Charles Rennie MacIntosh, Glasgow
One of Glasgow's best known personalities was Charles Rennie MacIntosh, an architect from the turn of the 20th century who was one of the spear headers of the Art Deco era. There Isn't a lot of his original architecture left though his angular designs are reflected in modern lookalike's, both buildings, furniture and decor. The Glasgow School of Art is one of his buildings that still stands. You can go there and pay a small fee for a tour inside the building or just have a glance inside the lobby and browse in the gift shop where they do have some very good prints of both MacIntosh designs and of the Pre Raphaelites.
There's also the Willow Tea Room on Sauchiehall Street (pronounced Socky-hall) above a jewellers. This was one of many tea rooms designed by MacIntosh and is still very similar to how he originally designed it right down to the china and cutlery. Afternoon tea here might be considered a tourist trap but it's nonetheless enjoyable for the atmosphere. The food is pretty good if not overly abundant.
Fondest memory: The Lighthouse is a museum dedicated to MacIntosh and also worth a look. It's also in the city center, just check the tourist maps. If Edinburgh souvenir shops are full of thistles and Luckenbooth symbols, Glasgow is full of MacIntosh deco style roses.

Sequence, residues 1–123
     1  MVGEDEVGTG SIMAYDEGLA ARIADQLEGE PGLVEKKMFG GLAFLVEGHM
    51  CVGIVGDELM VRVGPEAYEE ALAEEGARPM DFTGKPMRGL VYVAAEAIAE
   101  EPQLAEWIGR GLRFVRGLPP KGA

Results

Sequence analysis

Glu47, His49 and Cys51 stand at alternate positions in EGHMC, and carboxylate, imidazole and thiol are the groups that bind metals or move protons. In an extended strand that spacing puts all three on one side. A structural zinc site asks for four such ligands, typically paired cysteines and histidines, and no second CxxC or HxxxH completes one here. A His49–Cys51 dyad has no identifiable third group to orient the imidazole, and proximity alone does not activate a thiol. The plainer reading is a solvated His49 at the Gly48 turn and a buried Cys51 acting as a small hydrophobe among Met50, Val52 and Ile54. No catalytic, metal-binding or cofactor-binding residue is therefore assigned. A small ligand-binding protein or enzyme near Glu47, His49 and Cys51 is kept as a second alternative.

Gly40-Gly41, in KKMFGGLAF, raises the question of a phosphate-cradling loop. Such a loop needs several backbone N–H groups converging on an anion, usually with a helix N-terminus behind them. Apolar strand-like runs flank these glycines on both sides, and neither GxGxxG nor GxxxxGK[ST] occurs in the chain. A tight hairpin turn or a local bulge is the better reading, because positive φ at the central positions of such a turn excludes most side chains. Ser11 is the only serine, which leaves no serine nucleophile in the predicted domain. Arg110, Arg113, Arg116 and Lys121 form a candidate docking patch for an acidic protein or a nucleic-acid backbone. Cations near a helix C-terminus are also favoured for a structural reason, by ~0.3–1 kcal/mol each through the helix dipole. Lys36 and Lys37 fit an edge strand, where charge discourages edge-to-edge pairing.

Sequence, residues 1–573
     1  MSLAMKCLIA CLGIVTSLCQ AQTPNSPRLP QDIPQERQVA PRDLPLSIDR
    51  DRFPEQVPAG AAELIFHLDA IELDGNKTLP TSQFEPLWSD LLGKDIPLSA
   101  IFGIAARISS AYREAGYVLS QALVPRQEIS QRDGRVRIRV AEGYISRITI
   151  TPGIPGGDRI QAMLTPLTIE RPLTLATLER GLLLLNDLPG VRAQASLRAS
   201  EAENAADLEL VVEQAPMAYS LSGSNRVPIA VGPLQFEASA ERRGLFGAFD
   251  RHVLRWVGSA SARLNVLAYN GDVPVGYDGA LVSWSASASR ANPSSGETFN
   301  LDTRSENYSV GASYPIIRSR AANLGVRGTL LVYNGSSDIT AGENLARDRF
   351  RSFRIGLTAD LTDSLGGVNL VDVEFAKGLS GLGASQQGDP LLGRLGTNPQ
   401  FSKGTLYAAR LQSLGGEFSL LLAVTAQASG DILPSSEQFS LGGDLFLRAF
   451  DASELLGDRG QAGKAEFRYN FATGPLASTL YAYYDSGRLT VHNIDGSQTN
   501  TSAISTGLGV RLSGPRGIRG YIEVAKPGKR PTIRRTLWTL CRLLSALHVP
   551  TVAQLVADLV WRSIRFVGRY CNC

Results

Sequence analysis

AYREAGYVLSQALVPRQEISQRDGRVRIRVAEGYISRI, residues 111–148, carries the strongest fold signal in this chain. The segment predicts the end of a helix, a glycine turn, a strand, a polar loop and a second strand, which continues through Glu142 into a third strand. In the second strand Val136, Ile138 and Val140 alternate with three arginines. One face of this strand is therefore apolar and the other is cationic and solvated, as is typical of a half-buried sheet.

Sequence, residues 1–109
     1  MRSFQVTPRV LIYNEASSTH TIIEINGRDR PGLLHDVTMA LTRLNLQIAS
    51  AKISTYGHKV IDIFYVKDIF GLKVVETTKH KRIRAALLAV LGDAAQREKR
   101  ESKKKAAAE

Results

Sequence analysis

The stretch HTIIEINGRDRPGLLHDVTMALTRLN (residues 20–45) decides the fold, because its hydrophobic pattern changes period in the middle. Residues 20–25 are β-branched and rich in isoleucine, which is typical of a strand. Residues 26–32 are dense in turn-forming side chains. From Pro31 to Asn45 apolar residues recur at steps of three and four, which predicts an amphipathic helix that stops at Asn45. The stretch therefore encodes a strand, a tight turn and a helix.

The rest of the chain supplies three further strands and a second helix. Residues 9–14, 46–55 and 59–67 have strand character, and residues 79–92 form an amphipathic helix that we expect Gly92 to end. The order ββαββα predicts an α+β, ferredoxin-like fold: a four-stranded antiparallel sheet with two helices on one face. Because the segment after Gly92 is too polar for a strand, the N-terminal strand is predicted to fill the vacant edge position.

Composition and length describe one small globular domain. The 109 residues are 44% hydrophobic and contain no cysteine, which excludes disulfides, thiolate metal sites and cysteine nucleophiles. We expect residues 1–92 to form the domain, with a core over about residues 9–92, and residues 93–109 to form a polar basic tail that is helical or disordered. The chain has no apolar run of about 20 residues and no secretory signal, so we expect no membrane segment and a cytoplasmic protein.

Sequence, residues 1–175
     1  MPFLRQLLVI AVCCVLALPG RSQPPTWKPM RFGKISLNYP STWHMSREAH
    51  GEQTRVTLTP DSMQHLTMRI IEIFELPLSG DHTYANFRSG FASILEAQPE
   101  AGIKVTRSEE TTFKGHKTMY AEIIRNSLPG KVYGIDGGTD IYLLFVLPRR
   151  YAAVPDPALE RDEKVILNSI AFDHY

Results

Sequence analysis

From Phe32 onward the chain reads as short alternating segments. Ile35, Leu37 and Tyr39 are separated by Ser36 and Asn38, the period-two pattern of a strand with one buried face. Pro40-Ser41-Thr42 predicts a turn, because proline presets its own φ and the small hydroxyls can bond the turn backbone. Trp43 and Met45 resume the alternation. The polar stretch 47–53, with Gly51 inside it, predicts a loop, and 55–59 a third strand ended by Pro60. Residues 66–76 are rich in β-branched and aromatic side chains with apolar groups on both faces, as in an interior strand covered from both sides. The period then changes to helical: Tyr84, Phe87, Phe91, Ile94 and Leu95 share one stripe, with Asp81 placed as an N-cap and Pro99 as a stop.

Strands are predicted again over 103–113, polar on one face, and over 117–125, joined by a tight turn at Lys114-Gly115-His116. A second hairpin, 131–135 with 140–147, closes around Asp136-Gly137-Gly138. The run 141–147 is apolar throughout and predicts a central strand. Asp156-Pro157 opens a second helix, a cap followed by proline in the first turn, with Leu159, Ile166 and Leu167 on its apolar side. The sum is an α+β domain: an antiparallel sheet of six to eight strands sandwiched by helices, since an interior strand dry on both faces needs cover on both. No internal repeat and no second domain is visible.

The CRM society webpage has a list of sites where you can still see examples of his work
Charles Rennie MacIntosh Society
Glasgow School of Art
Willow Tea Rooms
Charles Rennie Mackintosh designs are very popular in Glasgow (windows, jewellery, mugs, architectural motifs), it's easy to see why. The rose depicted in this window design is quite common.
Examples of his design work can be seen at the Willow Tea Rooms (designed by Mackintosh - tip coming soon) and the Glasgow School of Art.
See www.crmsociety.com for more information about the talented Glasgow-bred architect and designer.
One of Glasgows most famous sons was Charles Renee Macintosh, an architect and designer who had a very distinctive style and his mark can be seen on many buildings around the city, including the Lighthouse Gallery & his influence is all over the Willow Tearooms as well. He didn't just design buildings though, he also designed a lot of furniture and did art work.
Nowadays you can get his designs on anything from crockery, to bedding to jewellery. Personally I love Renee Macintosh style stuff :)
Glasgow is known for it's Charles Rennie McIntosh connection. My first school, was a McIntosh building, Scotland Street School, which has now been converted to school museum. The area around has been completely demolished to make way for an 8 lane highway approach to a road bridge over the Clyde but the school remains an interesting look back at how education has developed and I can still see where I scratched my name on a desk!
Fondest memory: Running into Glasgow Green, August 1983, the first Glasgow Marathon, the crowds, the atmosphere.......THE FINISH!!!!!